Keep in touch

Things That Ruin Your Smile

a
Like us on facebook

In this day and age of the selfie, your smile is of the utmost importance. An essential part of your smile and of course your oral health are your teeth. It is vital that we protect our teeth and take good care of it, therefore we must watch what we consume and how we clean our teeth. Here are a few things that can be harmful to your dental health.

Diet pills
Even though they may seem like a quick way to trim your waist, diet pills can also be a fast track to gum disease and tooth decay. Like many over-the-counter and prescription medications, diet pills decrease salivary flow, which causes dry mouth and puts you at risk for gum disease, tooth decay, cavities, and discomfort.

Bottom line: A balanced diet and exercise are the safest way to lose weight and protect your smile.

Candy
Contrary to what mom said, sugar won’t directly rot your teeth—but the acid produced when you eat sugar and carbohydrates can. Naturally occurring bacteria in the mouth devour sugar, creating acids that attack tooth enamel, which can lead to decay and a host of other problems, including gingivitis and cavities.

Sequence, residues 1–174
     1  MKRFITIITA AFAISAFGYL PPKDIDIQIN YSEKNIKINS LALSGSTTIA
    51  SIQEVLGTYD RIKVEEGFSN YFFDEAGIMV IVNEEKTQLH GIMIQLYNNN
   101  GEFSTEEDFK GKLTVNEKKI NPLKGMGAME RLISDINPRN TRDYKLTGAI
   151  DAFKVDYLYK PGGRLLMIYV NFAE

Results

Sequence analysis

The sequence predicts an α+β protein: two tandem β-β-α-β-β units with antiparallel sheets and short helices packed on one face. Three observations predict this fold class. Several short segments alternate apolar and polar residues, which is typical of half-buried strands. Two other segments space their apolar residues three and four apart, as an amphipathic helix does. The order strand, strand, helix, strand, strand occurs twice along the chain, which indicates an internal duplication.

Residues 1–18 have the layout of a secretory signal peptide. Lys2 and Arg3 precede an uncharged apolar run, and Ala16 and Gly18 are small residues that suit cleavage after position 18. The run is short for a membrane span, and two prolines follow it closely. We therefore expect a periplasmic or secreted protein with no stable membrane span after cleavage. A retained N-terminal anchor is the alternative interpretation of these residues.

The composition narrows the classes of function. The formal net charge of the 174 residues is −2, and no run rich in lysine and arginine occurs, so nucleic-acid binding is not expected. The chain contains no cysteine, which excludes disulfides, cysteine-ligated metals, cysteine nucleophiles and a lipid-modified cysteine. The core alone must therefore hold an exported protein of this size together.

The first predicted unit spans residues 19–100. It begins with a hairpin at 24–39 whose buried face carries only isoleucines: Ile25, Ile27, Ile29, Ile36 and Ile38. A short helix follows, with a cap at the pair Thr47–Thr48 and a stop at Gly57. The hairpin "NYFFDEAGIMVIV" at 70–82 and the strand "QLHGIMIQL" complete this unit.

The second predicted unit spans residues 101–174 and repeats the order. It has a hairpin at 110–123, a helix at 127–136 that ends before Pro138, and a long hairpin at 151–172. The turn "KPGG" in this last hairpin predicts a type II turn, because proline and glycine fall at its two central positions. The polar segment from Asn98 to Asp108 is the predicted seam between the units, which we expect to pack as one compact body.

The worst thing you can do is leave sugar lingering on your teeth and gums. Eating any amount of candy and brushing and flossing immediately is actually less damaging than not brushing after eating one piece before bedtime.

Tip: If you can’t brush after a snack attack, eat cheese or yogurt, or chew sugarless gum to boost saliva flow and neutralize acids.

Dry mouth
A dry mouth isn’t just unpleasant, it’s bad for your teeth. Saliva washes away cavity-causing bacteria and neutralizes harmful acids. Without saliva, you would lose your teeth much faster—it helps prevent tooth decay and other oral health problems.

Tip: Drink lots of water, chew sugarless gum, use a fluoride toothpaste or rinse, and consider over-the-counter artificial saliva substitutes. See your doctor if it’s a frequent problem.

Hot drinks
Your hot-drink habit may be one reason your teeth look a little dingy. Black tea and coffee contain stain-promoting tannins that lodge into the pits and grooves of the tooth enamel, producing a rough, stained surface, which is sticky and can retain decay-producing bacteria.

Tip: Consume such beverages in moderation, drink more water every day, and add milk to your coffee or tea to help neutralize the acids.

Source : http://www.health.com